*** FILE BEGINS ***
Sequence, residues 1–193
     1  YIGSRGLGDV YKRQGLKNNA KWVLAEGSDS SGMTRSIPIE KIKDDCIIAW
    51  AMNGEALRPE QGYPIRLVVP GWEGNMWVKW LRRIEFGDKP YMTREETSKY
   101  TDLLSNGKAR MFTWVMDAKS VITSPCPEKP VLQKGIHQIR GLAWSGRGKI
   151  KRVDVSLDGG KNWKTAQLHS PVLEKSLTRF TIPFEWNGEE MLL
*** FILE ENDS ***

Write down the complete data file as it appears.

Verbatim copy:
Sequence, residues 1–193
     1  YIGSRGLGDV YKRQGLKNNA KWVLAEGSDS SGMTRSIPIE KIKDDCIIAW
    51  AMNGEALRPE QGYPIRLVVP GWEGNMWVKW LRRIEFGDKP YMTREETSKY
   101  TDLLSNGKAR MFTWVMDAKS VITSPCPEKP VLQKGIHQIR GLAWSGRGKI
   151  KRVDVSLDGG KNWKTAQLHS PVLEKSLTRF TIPFEWNGEE MLL